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Monday, 16 June 2003
Page: 16373


Dr WASHER (1:22 PM) —I thank the Member for Charlton for bringing to the House this important debate on cancer of the uterine cervix, as this is the eighth most common cancer in women. It is also noted that, as a result of the National Cervical Screening Program, the incidence of and mortality from cervical cancer have been falling for many years. In particular, I agree with the need to encourage all women in Australia to undertake regular screening using the pap test to detect the cytological changes indicating the possible presence of precursor lesions—lesions that could give rise to invasive disease if not removed. Thus, the main role of this screening test is to identify patients who require further evaluation and possible cervical biopsy.

Pap smear screening should begin when a female becomes sexually active or reaches 18 years of age and should continue annually for at least three years. If three or more pap smears are negative and the patient's risk of cervical cancer is average, further testing can be performed at the physician's discretion—perhaps every two to three years, although the optimal frequency in this situation has not been established. Continued annual pap smears for women at high risk of developing cervical cancer are recommended.

Cervical cancer is typically a disease of women in their fifth and sixth decades, whereas premalignant cervical lesions are often discovered in women younger than 40 years of age. This rather large gap in the age distribution between precursor lesions and invasive cancer is indicative of a long latency period for malignant transformation. Infection with human papilloma virus, HPV, most commonly subtypes 16, 18, 31, 33 and 35, is largely responsible for the development of precursor lesions and subsequent transformation to invasive disease. Not surprisingly, factors that predispose to transmission of this sexually transmitted virus are associated with an increased risk of the development of cervical cancer. A history of smoking and immunosuppression confers a high risk.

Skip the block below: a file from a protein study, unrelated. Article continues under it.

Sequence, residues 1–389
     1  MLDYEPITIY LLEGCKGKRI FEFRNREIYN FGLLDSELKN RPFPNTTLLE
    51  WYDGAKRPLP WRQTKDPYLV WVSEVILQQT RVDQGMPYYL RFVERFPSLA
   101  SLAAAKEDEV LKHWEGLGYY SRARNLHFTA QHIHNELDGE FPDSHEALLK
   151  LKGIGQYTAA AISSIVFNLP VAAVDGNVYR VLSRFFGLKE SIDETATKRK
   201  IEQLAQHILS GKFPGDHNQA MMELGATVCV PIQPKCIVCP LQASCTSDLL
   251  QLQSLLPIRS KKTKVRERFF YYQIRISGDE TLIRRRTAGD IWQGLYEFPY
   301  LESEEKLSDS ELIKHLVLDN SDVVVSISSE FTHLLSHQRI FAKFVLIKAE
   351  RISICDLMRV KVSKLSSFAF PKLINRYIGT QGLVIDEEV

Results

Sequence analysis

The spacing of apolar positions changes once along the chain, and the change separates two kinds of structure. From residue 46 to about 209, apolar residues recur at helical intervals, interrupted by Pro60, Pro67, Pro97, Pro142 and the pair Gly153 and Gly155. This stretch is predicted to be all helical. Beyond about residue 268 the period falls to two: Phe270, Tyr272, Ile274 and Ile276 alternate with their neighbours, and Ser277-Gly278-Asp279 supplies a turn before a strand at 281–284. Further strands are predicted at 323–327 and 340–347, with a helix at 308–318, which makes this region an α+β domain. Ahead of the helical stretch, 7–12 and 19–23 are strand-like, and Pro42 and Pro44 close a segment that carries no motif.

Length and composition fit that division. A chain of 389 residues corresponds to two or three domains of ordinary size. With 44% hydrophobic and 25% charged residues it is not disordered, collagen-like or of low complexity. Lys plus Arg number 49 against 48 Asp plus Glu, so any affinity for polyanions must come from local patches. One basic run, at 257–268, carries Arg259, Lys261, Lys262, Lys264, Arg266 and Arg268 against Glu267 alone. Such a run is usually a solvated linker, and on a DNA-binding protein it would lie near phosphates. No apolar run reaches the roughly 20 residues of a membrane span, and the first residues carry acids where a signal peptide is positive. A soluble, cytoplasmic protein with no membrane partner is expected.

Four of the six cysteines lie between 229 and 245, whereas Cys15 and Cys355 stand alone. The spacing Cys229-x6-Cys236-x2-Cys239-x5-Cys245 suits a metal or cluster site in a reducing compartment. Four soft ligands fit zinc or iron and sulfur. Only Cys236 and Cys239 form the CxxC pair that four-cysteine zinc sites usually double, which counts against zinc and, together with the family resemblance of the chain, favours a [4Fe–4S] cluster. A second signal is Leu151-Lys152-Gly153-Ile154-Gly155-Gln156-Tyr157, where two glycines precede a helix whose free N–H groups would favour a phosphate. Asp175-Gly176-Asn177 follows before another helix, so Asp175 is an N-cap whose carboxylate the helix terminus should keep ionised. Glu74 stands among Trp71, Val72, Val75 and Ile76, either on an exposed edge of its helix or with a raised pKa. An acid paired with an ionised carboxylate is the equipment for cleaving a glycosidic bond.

George Papanicolaou MD, from whom the pap smear derived its name, had a PhD in zoology. In 1943 Dr Papanicolaou, together with Herbert Traut, a gynaecologist, published `Diagnosis of uterine cancer by the vaginal smear'. This publication demonstrated how lesions could be detected in their preinvasive phase, creating a turning point in the management of cervical cancer, the most deadly form of cancer at the time.

No randomised controlled trials have been done in Australia demonstrating ThinPrep to be better than the normal pap smear. However, a US paper showed that ThinPrep decreased the amount of inconclusive pap smears in US women. In Perth, WA, PathCentre, a large pathology unit, have demonstrated that ThinPrep has a 0.8 per cent better pick-up with high-grade lesions. They also noted that the unsatisfactory pap smear rate was lower using ThinPrep compared to using the normal pap smear—that is, it was 0.3 per cent compared to 1.5 per cent. ThinPrep was better with bloodstained and inflamed smears.

Scotland has moved to ThinPrep solely. Finland uses only normal pap tests but has total population compliance and has the lowest rate of cancer of the cervix at two per 100,000 of population. Western Australia's rate is seven per 100,000. The Indigenous Australian rate is 14 per 100,000. ThinPrep requires demanding education for a screener and is much better performed by a computer, but huge costs are involved in computer screening. Finland's experience shows complete compliance using normal pap tests is superior to ThinPrep used only in a selected population. In Australia money should definitely be put into achieving complete compliance using the normal pap test, as in Finland. ThinPrep should be used in bloodstained and inflamed smears.

The most common cancer of the cervix is squamous cell carcinoma, which generally originates at the transitional zone on the cervix. The second most common cancer is adenocarcinoma, originating in the endocervical canal. Skilled sampling of these regions when performing a pap test is critical. The big advantage of ThinPrep is that it is in solution—it uses liquid based cytology—which allows DNA testing to subtype human papilloma virus in patients with this infection and other venereal diseases such as chlamydia. (Time expired)